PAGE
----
The compound they found belongs to a new class of compounds that was not being explored for thermoelectrics.

Future work: let the machine do the learning
There are an estimated 50,000 inorganic compounds; given enough time, the Materials Project could eventually calculate the elastic tensor for all of them. But the scientists are now looking at how the process can be accelerated even more. "We want to use statistical learning to extract information to build predictive models in order to predict the elastic constants," Chen said.

For example, machine-learning algorithms have identified the volume per atom of a material as a key descriptor of the material's bulk modulus, which is a measure of the pressure required to change the volume of a material.

"If we can come up with a trained algorithm that can relate elastic properties to very simply computed properties that we already have from the Materials Project or from experiments, then we can make predictions across a much broader range of materials," Asta said.

Thanks for being here;
We need your help. The SpaceDaily news network continues to grow but revenues have never been harder to maintain.

With the rise of Ad Blockers, and Facebook - our traditional revenue sources via quality network advertising continues to decline. And unlike so many other news sites, we don't have a paywall - with those annoying usernames and passwords.

Our news coverage takes time and effort to publish 365 days a year.

If you find our news sites informative and useful then please consider becoming a regular supporter or for now make a one off contribution.
SpaceDaily Contributor
$5 Billed Once

credit card or paypal
SpaceDaily Monthly Supporter
$5 Billed Monthly

paypal only


Related Links
Lawrence Berkeley National Laboratory
Space Technology News - Applications and Research

Comment on this article via your Facebook, Yahoo, AOL, Hotmail login.

Share this article via these popular social media networks DiggDigg RedditReddit GoogleGoogle

Memory Foam Mattress Review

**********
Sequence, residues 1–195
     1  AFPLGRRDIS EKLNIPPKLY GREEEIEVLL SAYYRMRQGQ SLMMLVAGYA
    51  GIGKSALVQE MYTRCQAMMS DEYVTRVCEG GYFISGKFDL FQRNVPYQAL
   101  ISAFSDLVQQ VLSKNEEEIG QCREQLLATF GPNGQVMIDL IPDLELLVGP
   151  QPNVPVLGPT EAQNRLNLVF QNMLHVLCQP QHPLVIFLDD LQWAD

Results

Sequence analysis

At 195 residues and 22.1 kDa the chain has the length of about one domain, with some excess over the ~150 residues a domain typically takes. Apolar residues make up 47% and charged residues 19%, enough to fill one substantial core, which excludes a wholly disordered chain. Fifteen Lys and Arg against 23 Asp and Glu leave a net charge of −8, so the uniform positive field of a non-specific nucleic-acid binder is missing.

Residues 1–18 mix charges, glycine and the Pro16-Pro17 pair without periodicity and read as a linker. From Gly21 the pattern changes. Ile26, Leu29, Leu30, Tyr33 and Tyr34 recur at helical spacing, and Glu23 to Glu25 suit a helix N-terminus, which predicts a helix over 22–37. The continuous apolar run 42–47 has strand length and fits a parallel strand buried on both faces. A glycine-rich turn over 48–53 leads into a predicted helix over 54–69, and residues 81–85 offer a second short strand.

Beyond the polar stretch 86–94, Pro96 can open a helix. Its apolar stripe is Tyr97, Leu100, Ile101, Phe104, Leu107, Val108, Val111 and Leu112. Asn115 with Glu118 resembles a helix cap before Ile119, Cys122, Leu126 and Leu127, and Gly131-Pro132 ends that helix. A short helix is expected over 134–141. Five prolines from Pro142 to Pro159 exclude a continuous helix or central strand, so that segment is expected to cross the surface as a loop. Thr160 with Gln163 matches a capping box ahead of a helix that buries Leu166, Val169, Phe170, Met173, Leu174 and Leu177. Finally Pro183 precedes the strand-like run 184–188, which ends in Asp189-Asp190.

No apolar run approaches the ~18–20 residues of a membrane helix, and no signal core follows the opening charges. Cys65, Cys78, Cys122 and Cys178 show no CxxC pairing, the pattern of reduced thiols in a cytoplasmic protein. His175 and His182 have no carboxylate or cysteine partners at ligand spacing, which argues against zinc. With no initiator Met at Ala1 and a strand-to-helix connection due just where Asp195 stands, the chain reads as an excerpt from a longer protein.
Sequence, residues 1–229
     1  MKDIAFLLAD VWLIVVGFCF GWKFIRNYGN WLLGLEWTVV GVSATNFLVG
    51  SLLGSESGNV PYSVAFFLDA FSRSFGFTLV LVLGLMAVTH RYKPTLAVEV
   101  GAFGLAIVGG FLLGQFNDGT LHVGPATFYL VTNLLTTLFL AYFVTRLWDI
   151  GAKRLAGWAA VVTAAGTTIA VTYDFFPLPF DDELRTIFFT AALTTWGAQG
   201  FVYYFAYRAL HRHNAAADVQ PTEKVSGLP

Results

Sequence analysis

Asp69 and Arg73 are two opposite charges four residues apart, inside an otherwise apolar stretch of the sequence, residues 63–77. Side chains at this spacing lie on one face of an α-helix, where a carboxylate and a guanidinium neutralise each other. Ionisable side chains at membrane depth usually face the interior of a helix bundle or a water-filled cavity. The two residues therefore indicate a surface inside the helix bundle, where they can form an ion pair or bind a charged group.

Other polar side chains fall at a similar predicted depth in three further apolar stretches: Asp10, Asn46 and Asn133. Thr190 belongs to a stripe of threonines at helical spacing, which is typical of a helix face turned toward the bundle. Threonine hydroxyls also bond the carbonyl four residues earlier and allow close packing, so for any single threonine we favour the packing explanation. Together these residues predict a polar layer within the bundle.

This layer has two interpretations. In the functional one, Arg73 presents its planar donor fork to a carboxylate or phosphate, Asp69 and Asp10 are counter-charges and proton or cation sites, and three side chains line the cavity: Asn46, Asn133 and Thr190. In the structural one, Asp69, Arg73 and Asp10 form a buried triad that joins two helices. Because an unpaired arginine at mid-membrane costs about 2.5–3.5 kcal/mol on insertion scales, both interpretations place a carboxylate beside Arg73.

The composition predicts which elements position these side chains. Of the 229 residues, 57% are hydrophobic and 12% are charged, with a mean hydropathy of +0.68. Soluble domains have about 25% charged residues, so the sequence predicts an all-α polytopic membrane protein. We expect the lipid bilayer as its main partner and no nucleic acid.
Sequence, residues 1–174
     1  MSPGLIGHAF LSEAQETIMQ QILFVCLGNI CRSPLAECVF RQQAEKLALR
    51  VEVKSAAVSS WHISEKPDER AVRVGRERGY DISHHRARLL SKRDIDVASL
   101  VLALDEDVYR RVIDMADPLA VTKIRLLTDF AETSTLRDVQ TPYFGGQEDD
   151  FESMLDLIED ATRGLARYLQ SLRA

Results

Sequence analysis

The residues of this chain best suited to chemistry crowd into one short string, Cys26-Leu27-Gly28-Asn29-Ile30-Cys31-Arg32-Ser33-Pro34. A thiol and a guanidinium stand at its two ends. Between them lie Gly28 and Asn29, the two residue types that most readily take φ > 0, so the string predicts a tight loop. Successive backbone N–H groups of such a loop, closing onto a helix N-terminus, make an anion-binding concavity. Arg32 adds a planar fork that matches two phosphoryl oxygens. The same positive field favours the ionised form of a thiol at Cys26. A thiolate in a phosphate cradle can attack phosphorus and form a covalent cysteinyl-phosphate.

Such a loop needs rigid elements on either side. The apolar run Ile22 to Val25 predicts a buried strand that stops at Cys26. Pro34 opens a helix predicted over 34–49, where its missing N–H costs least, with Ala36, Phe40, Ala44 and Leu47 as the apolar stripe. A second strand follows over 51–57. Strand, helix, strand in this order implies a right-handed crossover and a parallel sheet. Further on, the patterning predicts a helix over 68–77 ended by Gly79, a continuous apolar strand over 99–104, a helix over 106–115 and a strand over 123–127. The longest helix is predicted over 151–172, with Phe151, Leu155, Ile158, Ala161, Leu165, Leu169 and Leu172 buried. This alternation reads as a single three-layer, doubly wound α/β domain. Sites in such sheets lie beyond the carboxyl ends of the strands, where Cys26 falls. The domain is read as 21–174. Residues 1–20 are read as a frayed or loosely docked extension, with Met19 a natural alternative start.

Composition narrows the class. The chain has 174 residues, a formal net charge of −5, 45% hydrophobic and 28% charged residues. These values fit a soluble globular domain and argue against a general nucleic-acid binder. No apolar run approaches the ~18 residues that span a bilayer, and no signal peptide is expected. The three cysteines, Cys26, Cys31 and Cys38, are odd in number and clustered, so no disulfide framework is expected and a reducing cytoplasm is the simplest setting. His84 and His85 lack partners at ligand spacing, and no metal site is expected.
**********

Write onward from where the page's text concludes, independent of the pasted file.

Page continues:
Newsletters :: SpaceDaily :: SpaceWar :: TerraDaily :: Energy Daily
XML Feeds :: Space News :: Earth News :: War News :: Solar Energy News

Building sound foundations: A matter of granular dynamics
London, UK (SPX) Apr 05, 2015
Sand, rocks, grains, salt or sugar are what physicists call granular media. A better understanding of granular media is important - particularly when mixed with water and air, as it forms the foundations of houses and off-shore windmills. Until recently, there was no single theory that could account for granular media's flows at different speeds. Now, a new theory dubbed GSH, which stands ... read more

Moon formed when young Earth and little sister collided

Will the moon's first inhabitants live in giant lava tubes?

Soft Landing on the Moon an Extraordinary Challenge

Stop blaming the moon

Team Returning Orbiter to Duty After Computer Swap

More evidence for groundwater on Mars

Scars on Mars from 2012 Rover Landing Fade - Usually

Bill Nye and others discussing taking humans to Mars by 2033

How To Train Your Astronauts

Plants Use Sixth Sense for Growth Aboard the Space Station

Air Scrubber Plus Brings Space Age Technology Down To Earth

NASA Announces New Partnerships with Industry for Deep-Space Skills

Chinese scientists mull power station in space

China completes second test on new carrier rocket's power system

China's Yutu rover reveals Moon's "complex" geological history

China's Space Laboratory Still Cloaked

NASA drives future discoveries with new ISS information system

Cosmonauts Take Tablet Computer Into Space

Russia announces plan to build new space station with NASA

Soyuz spacecraft docks at ISS for year-long mission

THOR 7 encapsulation as next Ariane 5 campaigns proceeds

Soyuz Installed at Baikonur, Expected to Launch Wednesday

Soyuz ready March 27 flight to deploy two Galileo navsats

UAE Moves to Purchase Russian Spacecraft Launch Platform

Earthlike 'Star Wars' Tatooines may be common

Planets in the habitable zone around most stars, calculate researchers

Our Solar System May Have Once Harbored Super-Earths

SOFIA Finds Missing Link Between Supernovae and Planet Formation

Skin tough

Physicists create new molecule with record-setting dipole moment

Pick a color, any color

Amazon gives new power to personal assistant, 'Alexa'

The content herein, unless otherwise known to be public domain, are Copyright 1995-2014 - Space Media Network. All websites are published in Australia and are solely subject to Australian law and governed by Fair Use principals for news reporting and research purposes. AFP, UPI and IANS news wire stories are copyright Agence France-Presse, United Press International and Indo-Asia News Service. ESA news reports are copyright European Space Agency. All NASA sourced material is public domain. Additional copyrights may apply in whole or part to other bona fide parties. Advertising does not imply endorsement, agreement or approval of any opinions, statements or information provided by Space Media Network on any Web page published or hosted by Space Media Network. Privacy Statement All images and articles appearing on Space Media Network have been edited or digitally altered in some way. Any requests to remove copyright material will be acted upon in a timely and appropriate manner. Any attempt to extort money from Space Media Network will be ignored and reported to Australian Law Enforcement Agencies as a potential case of financial fraud involving the use of a telephonic carriage device or postal service.